Hannah offered her prayer for a child in a private and spontaneous moment. She had no need of a prayerbook to find the right words to say to God. All she had to do was to open her heart and allow her powerful feelings to flow out of her. That quiet place of the soul where our deepest yearnings live is the place that we can touch and release in prayer.
Prayer does not require a prayerbook or a prescribed formula to work, but many people find that fixed prayers help them find the words that express what they feel in their hearts. Prayer can happen in the synagogue during regular worship times, or it can happen while we are walking in the woods. It can even happen while we are standing on the check-out line in the supermarket. All it takes is the determination to listen to the yearnings of our own souls in a focussed and disciplined way.
If you are feeling right now that you are unequal to the task of taking on a prayer practice. If part of you is saying, “Yes, that sounds like it would be good for someone else, but I’m not that kind of person,” I want to let you know that it doesn’t really matter what kind of person you are.
Psalm 69 contains a verse (v. 14) that appears at the beginning of the traditional morning service: “Va’ani t’filati l’cha, Adonai.” Literally, the verse can be read to mean: “I am my prayer to You, Adonai.” The verse reminds us that all we can really offer when we pray is ourselves — I am my prayer – and that is enough.
We do not need to pretend to be someone else when we pray. We do not need to approach God as if we were saying, “God, I’m not really a good enough person to be talking to You. I’m not religious enough; I don’t believe in You enough. I’m actually kind of embarrassed just to be talking to You.” None of that is necessary, thank God. If it were, no one would ever bet able to utter a single word of sincere prayer.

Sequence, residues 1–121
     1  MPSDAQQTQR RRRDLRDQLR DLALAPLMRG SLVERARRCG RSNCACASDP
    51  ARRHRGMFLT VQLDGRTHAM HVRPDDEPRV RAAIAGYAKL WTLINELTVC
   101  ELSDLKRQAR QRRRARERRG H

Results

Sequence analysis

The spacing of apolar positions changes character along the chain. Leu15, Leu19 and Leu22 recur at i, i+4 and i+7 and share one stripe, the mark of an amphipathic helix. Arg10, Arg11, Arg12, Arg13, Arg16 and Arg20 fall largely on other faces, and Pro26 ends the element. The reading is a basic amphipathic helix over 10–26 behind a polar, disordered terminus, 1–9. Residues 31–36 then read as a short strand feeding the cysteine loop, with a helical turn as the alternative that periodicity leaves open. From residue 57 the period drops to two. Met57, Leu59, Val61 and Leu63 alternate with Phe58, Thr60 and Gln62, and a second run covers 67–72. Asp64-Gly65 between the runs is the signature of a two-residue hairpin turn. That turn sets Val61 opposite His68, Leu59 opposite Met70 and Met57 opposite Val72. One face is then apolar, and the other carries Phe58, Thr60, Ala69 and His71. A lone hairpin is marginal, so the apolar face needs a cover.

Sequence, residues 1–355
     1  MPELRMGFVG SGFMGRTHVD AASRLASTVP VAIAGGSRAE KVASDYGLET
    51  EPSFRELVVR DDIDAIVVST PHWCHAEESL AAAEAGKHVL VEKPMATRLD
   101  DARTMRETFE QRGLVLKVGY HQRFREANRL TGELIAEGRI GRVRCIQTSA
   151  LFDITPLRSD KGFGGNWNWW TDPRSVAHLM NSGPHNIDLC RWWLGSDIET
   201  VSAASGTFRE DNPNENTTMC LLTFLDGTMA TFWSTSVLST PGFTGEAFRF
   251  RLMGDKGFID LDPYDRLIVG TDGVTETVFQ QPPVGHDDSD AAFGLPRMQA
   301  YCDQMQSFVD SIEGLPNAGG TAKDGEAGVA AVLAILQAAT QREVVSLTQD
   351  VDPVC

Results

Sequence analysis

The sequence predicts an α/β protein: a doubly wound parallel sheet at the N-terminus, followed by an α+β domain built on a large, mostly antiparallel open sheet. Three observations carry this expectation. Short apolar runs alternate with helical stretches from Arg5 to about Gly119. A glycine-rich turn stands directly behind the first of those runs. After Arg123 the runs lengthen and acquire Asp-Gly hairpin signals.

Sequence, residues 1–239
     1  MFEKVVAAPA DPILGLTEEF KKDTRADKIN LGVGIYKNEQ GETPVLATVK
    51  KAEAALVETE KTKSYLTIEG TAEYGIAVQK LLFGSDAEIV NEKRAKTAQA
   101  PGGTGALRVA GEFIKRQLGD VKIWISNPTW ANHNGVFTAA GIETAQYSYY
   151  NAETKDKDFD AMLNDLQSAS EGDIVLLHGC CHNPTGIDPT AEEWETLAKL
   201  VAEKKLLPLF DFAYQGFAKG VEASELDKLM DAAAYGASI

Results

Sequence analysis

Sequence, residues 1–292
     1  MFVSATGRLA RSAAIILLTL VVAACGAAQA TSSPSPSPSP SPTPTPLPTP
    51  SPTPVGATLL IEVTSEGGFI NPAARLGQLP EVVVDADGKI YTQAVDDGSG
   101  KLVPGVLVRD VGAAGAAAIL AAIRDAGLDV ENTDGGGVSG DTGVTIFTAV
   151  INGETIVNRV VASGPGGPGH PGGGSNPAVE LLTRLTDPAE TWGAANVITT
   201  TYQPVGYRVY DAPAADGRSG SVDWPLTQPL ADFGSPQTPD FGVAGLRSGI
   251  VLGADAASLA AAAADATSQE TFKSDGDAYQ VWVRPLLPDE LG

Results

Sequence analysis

“Ani T’filati,” “I am my prayer,” means that your best prayer is the one that comes from you just as you are. You are already good enough. You don’t have to be someone else in order to express your pain, your joy, your hopes and your disappointments to the cosmos. Doing so, just as you are, can do for you what it did for Hannah. It can make you feel heard. It can make you feel that your life matters, that your sorrow has dignity, and that your gratitude for what life has given you can help you better enjoy life. It can bring you a sense of inner peace when you are surrounded by turmoil and it can give you strength to face life’s toughest moments.
I am my prayer. I am the very thing that I need to say to eternity, and I feel that eternity answers back to me in the quiet and moving moments of my life.
This year, at our High Holy Days services, we are using a new prayerbook, Mishkan HaNefesh. It is, I think, an opportunity for each of us to re-evaluate our relationship to prayer. Maybe this is the first time you have sat in a synagogue using a prayerbook that talks about God in a way that seems approachable. Maybe you miss the heightened language of “Lord,” “King of the Universe,” and “Blessed art Thou.” Or, maybe you are ready to think of prayer as being more like a poem than like a rigid legal formula. Maybe this prayerbook has you ready to think about how you can be your own prayer.
As we go through the Days of Awe together between now and the final shofar blast of Yom Kippur, I would like to invite you to try praying like you’ve never prayed before. Pray as a way of uncovering the things in life that you are truly grateful for. Pray as a way of discovering your sense of your life’s mission and purpose. Pray, like Hannah did, as a way of openning up the places where you feel wounded and in pain. My hope for you, is that your prayer be a source of meaning, joy, discovery and healing.
This Rosh Hashanah, make the choice to include some kind of prayer practice in your life on a regular basis. It could be a moment to look up to heaven while you’re waiting on the grocery check-out line just to say, “Thank you.” It could be including a moment of gratitude for your food before you dig in. It could be a moment to sing Shema with your child before tucking her or him in at night. It could be a moment to hope for the wellbeing of the people you love as you lie down to sleep at night.
Try it. You might find that it eases your pain, gives you a sense of purpose, helps you feel heard in a noisy world. It may make you feel like you can finally hear yourself. And, it might make you feel happier.
L’shanah tovah tikateivu. May you be inscribed for a good year